Page 141 - Jewish Book Annual Volume 48

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YUDKIN / REALITY IN THE FICTION OF YAAKOV SHABTAI
133
ultimate duty or absurd termination. Similarly, we might also
ask such questions o f the novel. A steep and apparently inev­
itable decline could be reversed in terms o f the surrealistic end ­
ing. Certainly, the final section marks an idyllic transformation:
“All was conducted in perfect tranquillity,”2 following up a per­
fectly realistic description o f the hero Meir’s return to Israel,
after a foreign tour, during which he had fallen ill. Nothing,
as in Ecclesiastes itself, has previously prepared us for this sort
o f consummation. The world surrounding Meir had been d e ­
scribed as a world falling apart. His mother had died after a
period o f growing disenchantment and despair, and he himself
had got sick after an unconvincing attempt to shake himself
out o f an increasing lethargy and alienation. The foreign tour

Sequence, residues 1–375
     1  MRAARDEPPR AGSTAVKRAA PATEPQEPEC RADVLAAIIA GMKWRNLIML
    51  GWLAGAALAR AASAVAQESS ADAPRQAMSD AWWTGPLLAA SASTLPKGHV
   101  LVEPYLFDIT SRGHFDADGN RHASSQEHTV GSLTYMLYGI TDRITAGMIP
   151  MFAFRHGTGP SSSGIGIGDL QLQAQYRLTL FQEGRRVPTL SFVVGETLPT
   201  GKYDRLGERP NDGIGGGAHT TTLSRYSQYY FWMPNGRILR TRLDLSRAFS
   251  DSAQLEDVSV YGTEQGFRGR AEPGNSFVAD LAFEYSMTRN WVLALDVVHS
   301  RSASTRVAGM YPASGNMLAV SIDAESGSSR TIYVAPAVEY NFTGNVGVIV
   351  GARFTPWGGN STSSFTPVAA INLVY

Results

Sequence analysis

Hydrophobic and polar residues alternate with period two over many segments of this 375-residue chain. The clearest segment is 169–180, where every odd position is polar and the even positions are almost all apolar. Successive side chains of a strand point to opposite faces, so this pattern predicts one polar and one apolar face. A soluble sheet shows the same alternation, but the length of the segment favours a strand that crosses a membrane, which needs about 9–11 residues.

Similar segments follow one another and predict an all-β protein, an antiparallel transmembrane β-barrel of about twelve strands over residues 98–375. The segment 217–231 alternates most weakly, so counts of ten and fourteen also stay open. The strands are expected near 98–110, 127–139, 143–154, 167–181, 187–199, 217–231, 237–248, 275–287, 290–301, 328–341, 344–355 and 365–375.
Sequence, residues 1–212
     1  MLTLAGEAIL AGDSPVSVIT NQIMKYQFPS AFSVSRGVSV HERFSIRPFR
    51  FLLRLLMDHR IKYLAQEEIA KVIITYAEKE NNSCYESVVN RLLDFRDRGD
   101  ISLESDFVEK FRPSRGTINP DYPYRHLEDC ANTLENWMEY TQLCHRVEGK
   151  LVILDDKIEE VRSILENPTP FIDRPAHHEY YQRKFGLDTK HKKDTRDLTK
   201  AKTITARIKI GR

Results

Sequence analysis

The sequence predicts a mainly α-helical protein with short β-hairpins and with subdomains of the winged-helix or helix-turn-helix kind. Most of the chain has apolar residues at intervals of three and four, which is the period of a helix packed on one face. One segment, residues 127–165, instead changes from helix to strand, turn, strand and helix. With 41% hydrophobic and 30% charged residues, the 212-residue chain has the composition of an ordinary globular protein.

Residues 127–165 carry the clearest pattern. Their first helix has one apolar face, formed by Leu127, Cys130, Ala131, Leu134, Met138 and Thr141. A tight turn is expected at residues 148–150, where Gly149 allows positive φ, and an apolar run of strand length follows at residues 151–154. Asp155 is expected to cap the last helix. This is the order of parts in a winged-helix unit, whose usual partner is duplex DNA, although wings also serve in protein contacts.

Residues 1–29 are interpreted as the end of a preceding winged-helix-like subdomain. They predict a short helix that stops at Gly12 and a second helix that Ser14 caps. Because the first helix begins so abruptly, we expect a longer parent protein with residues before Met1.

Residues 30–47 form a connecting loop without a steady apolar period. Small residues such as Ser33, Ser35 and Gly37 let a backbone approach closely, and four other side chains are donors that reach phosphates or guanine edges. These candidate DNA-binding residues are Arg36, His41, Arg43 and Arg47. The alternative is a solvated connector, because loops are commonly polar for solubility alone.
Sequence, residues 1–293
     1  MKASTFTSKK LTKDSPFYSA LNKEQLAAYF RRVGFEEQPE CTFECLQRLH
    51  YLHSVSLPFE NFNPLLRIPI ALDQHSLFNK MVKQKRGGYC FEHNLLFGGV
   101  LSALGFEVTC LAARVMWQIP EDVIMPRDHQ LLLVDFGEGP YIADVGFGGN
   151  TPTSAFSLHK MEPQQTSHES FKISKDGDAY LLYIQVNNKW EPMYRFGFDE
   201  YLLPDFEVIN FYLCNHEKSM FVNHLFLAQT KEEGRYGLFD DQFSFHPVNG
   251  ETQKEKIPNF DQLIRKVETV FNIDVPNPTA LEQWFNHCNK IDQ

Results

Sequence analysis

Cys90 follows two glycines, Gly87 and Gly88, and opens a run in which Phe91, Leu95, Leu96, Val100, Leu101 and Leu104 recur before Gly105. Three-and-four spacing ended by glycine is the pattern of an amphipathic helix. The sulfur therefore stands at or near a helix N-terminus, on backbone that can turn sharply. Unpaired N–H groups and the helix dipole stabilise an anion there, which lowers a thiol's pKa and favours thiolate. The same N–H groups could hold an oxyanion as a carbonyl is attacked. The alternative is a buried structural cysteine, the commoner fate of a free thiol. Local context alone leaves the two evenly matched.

was a hoped-for rebirth, but it culminated in personal disaster,
following his usual cycle o f indecision and lack o f fulfillment
in all projects, great and small.
So, is the end o f the matter climax, resignation or reversal?
Referral to the biblical source, with the assertion that “ . . . un­
intentionally or otherwise, the voice o f Ecclesiastes resounds
throughout,”3 has the paradoxical effect o f redirecting the ques­
tion in two ways. What concerns us here is the reality reflected
in Shabtai’s work, the effect created as well as the means sum­
moned to achieve that effect. What we will see again is a binary
opposition between two poles, pulling the protagonists, who are
also narrative voices either in the direction o f irritation, disen­
chantment and despair, or towards an idyllic vision. This latter
can be encapsulated either by an idealization o f the past, the
past o f the locus, Tel-Aviv, the past o f the protagonist’s own
youth, o f the representation o f that youth through the presence
o f an older but dying generation (the grandmother), or by some
sort o f idealized future, such as that portrayed in the final sec­
tion o f
S o f da va r ,
with its perfect mystical union in ideal sex,
in the vision o f total freedom and access, when all the wonderful
dead are reunited with the live narrator. (Or is it the reverse
— that the narrator is united with the dead through his own
death?) He is, in any case, reborn.
2.
Sof davar.
(Tel-Aviv, Siman Keriah/HaKibbutz Hameukhad, 1984), p. 208.
All references are to the pagination o f the Hebrew publications.
3. Zach, ibid.